We would hope that you don’t find the job of recording your results in CASPA a difficult or time-consuming one. We would usually expect that if you find it a chore because it takes a long time, CASPA has other options that would make it easier for you.
This article aims to highlight the various approaches to recording results in CASPA plus a few hints and tips to set you on your way.
We are constantly improving CASPA, so it is well worth ensuring you are always running the lastest version. If CASPA is telling you that a Check for updates is due, try and let the update go ahead. If you’re not able to update/install software, locate a colleague who can so that you remain up to date. At the time of writing (May 2012) you must use CASPA 2012 to record your summer 2012 assessments. Check your build of CASPA via the menu option Help | About. The current build is 220.127.116.11.
You’re going to want to record results for all of the pupils who are on roll, so all of your pupils must exist in CASPA. And the analysis you then carry out should be based on up to date information about the pupil (name, date of birth, entitlement to Free School Meals, etc). All of this basic pupil data comes from your school MIS. Make sure you have refreshed CASPA from your school MIS very recently. If you need a quick reminder about how to do this, go to the Help menu. Under guidance notes, you see near the top of the list, a document describing how to transfer basic pupil data for your MIS type (SIMS, MIS other than SIMS, or for those with no formal MIS)
OK. You’re ready to go!
To import… or to enter manually?
So, what is the easiest way to get your end of year assessments into CASPA? If you’ve already recorded them electronically, this is usually a very easy decision – import them into CASPA. As a matter of principle, transferring them electronically will almost always be quicker and will be more accurate since re-keying the data will inevitably allow an error to creep in at some point.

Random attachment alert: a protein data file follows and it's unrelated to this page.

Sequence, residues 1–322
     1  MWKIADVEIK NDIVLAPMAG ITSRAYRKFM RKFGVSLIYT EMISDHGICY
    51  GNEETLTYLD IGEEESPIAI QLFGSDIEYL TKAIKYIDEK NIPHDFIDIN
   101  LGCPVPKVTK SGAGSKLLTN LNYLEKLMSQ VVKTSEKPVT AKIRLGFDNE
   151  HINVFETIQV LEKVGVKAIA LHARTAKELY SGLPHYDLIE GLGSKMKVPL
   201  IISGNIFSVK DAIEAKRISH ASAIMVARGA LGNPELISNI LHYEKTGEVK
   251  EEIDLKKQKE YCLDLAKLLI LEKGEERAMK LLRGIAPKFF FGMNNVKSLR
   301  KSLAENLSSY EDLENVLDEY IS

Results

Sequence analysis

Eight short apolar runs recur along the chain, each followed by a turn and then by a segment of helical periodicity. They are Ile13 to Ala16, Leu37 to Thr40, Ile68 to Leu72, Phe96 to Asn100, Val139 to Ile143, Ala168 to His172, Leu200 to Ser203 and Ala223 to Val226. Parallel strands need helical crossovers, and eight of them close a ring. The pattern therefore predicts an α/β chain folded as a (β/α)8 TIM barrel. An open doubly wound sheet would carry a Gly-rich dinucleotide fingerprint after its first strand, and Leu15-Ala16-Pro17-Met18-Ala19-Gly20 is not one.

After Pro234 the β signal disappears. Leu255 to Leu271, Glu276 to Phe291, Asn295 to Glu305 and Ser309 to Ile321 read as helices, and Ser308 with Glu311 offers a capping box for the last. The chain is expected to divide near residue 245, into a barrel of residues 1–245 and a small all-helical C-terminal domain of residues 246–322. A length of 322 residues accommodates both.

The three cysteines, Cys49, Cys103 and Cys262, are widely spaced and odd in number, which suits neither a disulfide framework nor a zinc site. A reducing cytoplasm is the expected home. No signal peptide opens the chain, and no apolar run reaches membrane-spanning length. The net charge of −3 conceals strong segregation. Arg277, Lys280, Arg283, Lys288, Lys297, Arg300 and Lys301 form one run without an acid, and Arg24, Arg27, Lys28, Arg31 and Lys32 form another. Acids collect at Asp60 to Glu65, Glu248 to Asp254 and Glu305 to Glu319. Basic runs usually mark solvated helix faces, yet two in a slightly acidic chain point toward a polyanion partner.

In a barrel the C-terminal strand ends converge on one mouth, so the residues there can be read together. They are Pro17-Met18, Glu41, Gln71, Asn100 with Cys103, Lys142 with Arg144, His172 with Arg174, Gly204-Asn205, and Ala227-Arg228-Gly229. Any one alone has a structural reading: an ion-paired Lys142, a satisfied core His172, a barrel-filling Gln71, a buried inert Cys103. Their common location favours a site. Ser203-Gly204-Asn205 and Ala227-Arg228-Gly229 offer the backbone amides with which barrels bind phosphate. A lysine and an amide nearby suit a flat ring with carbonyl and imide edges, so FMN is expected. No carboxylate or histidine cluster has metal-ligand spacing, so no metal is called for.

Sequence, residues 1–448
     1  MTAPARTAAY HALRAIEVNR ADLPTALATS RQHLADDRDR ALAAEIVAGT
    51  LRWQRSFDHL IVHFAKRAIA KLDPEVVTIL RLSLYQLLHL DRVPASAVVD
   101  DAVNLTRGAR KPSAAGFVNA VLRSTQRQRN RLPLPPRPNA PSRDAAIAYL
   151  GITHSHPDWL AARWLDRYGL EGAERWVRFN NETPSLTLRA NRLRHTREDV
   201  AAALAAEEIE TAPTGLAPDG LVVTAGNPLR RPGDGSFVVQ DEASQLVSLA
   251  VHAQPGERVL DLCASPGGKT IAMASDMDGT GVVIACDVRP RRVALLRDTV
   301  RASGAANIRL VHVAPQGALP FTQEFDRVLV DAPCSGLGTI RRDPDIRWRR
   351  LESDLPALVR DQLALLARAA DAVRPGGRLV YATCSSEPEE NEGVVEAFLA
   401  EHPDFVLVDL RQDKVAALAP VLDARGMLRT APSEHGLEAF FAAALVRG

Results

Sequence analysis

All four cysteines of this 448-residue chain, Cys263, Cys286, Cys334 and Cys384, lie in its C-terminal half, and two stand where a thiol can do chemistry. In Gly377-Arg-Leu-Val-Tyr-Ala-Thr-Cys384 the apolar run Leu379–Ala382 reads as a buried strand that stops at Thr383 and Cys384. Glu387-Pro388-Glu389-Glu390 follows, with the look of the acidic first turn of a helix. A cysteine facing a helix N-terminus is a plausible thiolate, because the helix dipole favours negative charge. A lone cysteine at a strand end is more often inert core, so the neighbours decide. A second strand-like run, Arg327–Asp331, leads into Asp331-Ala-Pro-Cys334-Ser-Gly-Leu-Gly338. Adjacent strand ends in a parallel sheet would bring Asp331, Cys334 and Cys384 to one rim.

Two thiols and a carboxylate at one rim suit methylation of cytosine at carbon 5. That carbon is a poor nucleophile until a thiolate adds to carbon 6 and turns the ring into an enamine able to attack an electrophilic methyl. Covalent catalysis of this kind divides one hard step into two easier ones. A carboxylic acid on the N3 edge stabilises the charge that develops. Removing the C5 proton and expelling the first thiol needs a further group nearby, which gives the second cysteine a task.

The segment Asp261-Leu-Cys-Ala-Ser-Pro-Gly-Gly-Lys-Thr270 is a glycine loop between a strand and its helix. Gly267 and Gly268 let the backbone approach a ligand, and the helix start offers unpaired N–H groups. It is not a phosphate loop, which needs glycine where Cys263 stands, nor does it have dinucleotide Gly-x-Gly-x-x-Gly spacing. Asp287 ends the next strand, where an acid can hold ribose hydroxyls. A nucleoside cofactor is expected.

Exporting and importing can sometimes seem daunting, and you are trusting to IT systems to get it right, but it is definitely the right decision; we put a lot of effort into making this as much a non-techie activity as we can and to put you in control over the decisions made during import. CASPA gives choices about how much data you import, and you get to review a report of the data to be imported before it is imported. What’s more, CASPA users have been importing data this way for years so it is a reliable mechanism.
We would therefore hope that you do not need to enter results into CASPA manually unless you hold them on paper or have them stored in an IT system that cannot export them (eg a Word document).
What are my options for importing my results then?
We offer six different import routes, some system specific and some generic. Your import options look like this when selecting File | Import assessment data…
The first three above are system-specific which allows CASPA to be certain about the scoring scheme used so it can convert the data into CASPA levels reliably during import. The import from CTF will include just whole levels so the conversion is also straightforward.